By Holly Streeter-Schaefer
Starting the year right takes time, planning and anticipating how the construction industry will evolve and shift over the coming months. Legal departments face challenges with the ever-changing construction industry landscape and legislation affecting how companies do business. So let’s take a look at issues that legal departments in the construction industry may want to consider in their business planning for 2015.
After ending 2014 on a high note with a reduction in the unemployment rate and an increase in employment, the outlook for the construction industry in 2015 is promising. With lower gas prices, commercial construction will likely see greater growth in 2015 than 2014. Because many companies and individuals left the construction industry during the Great Recession, fewer engineers, architects, contractors, and subcontractors may be competing for projects.
This shift is likely to be a short phenomenon, as new companies and individuals who were not able to find employment in recent years enter the construction industry work force.
With an increase in commercial construction projects creating the need to hire new employees, construction industry participants and their legal departments might consider reviewing their hiring practices and selection processes to be sure they are compliant with state and federal law. Along those same lines, companies may want to review their prequalification requirements for subcontractors and sub-consultants, updating the requirements for 2015.
With legislatures back in session, in-house legal departments need to closely monitor bills introduced in 2015 and modify company policies as laws enacted in 2014 take effect. Working closely with their human resources departments, corporate counsel may also want to review company benefit programs to ensure the company is complying with state laws relating to same-sex marriage legislation enacted in several states last year. With most same-sex marriage legislation effective upon enactment, legal departments may consider monitoring state bills relating to same-sex marriage closely this year. For companies working in and hiring employees in multiple states, having benefits and policies that comply with every state law can be tedious, but necessary for construction-industry participants working nationally.
Consider reviewing and updating company health and safety regulations and policies, including job-site policies, to account for legalization of marijuana in states where the company is present or may be working and employing personnel. Companies may also want to monitor legislation filed regarding legalization of marijuana, as it will likely be a hot topic for many states this year. Legal counsel needs to be aware of when such enacted legislation becomes effective, involving their human resource, risk management, insurance and safety departments as necessary.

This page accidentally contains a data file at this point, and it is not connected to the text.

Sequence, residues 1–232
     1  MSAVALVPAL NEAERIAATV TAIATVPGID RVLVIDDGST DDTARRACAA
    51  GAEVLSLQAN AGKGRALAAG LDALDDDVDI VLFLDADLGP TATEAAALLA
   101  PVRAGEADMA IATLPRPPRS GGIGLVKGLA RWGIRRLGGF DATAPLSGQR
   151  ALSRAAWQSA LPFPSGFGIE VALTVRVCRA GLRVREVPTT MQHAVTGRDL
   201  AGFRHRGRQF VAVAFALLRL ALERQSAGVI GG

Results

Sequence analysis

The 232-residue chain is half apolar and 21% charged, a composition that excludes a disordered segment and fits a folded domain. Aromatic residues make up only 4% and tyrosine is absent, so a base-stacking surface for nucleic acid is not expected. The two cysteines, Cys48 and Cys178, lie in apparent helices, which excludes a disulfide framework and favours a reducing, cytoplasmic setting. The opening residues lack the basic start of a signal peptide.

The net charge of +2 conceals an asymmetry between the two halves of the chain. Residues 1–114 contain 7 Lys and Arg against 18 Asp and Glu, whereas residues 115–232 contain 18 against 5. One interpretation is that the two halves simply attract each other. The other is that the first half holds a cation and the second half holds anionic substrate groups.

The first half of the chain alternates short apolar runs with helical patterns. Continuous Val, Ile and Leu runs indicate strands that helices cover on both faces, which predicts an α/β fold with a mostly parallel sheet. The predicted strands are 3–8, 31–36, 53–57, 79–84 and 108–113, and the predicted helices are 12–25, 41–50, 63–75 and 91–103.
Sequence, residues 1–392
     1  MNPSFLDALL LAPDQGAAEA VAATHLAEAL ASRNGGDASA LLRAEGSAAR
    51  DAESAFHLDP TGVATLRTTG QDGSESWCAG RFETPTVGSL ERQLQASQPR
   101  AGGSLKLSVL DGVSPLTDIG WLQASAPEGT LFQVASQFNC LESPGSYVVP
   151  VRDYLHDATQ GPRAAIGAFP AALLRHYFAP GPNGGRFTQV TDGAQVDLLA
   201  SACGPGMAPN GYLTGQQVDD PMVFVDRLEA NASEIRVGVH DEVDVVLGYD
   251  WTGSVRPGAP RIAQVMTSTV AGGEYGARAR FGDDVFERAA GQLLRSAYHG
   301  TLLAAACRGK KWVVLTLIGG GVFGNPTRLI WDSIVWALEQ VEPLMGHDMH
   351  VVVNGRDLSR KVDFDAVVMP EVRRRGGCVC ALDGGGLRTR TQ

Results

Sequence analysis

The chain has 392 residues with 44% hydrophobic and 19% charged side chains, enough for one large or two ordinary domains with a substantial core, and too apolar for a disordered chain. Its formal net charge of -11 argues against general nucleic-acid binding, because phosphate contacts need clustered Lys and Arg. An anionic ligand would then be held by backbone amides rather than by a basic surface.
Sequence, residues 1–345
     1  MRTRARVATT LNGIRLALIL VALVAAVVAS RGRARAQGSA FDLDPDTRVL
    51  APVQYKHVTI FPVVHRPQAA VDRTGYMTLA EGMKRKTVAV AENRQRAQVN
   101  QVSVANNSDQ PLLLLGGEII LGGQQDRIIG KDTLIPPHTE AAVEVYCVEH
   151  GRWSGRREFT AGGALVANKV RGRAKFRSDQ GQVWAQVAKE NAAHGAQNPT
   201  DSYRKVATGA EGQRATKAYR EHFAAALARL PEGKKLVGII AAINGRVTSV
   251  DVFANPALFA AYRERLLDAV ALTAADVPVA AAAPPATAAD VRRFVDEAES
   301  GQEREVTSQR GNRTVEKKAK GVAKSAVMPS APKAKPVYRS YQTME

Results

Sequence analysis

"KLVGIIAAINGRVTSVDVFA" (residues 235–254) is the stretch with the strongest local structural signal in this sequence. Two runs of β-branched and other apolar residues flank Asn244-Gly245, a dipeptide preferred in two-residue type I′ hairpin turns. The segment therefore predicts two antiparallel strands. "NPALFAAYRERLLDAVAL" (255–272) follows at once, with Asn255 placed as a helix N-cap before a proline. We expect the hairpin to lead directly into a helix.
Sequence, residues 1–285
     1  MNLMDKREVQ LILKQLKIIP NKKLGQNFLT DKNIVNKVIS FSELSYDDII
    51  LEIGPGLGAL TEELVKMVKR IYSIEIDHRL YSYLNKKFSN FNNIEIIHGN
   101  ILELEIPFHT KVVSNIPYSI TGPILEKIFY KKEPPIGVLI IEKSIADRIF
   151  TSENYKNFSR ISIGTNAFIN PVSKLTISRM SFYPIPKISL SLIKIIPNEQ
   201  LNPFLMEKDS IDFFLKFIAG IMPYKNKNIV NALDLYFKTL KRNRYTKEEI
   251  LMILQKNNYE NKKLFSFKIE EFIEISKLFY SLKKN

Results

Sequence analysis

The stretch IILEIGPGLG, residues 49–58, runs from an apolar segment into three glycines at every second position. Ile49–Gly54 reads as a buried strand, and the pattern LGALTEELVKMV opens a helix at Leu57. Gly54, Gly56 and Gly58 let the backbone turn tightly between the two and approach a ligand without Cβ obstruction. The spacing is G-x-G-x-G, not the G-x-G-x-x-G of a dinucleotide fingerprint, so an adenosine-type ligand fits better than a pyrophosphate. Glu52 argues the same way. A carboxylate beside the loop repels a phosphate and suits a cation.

Crude oil prices at the lowest price in years may create volatility in construction projects planned in the oil, gas and energy industries in 2015. Projects may shift from one industry sector to another, creating the need for engineers and contractors to be nimble, able to shift their focus quickly as projects are scaled back in one area and increased in others. For example, the number of refinery construction projects contemplated for 2015 before the drop in crude oil prices may decrease, but with lower gas prices leading to more money in consumers’ pockets, manufacturing and industrial construction projects may increase. As companies realign their focus to track with market changes, in-house counsel and legal departments should consider reviewing and updating their standard contract forms now to reflect changes needed based on markets being pursued and to be ready for any shift in the industry.
Construction-industry participants and their counsel may want to review changes to the federal and state wage determinations for their organizations, and monitoring the certified payroll of their lower-tier contractors and consultants. In many cases, companies will be mindful of the changes internally, but forget that the changes affect their lower tiers. In-house counsel might consider working with their company’s accounting and payroll departments as well as project management teams to account for the changes to the wage determination for its own payroll and its lower tiers.
In-house counsel for federal contractors and service providers may also want to review any changes to the Federal Acquisition Regulations early in 2015. Lunch seminars for company employees led by legal departments can be a great way to inform internal clients of changes to the regulations affecting their business and contracts.
Taking time at the beginning of the year to consider reviewing standard contract forms, wage-determination changes, company benefits, and monitoring legislation affecting the construction industry, provides in-house counsel with the opportunity to start the year with a solid foundation. Keeping internal clients informed of changes in the law and how it affects their business is a never ending process, but focusing efforts early in 2015 on these issues will get the New Year off to a promising start.
Holly Streeter-Schaefer, lawyer, Burns & McDonnell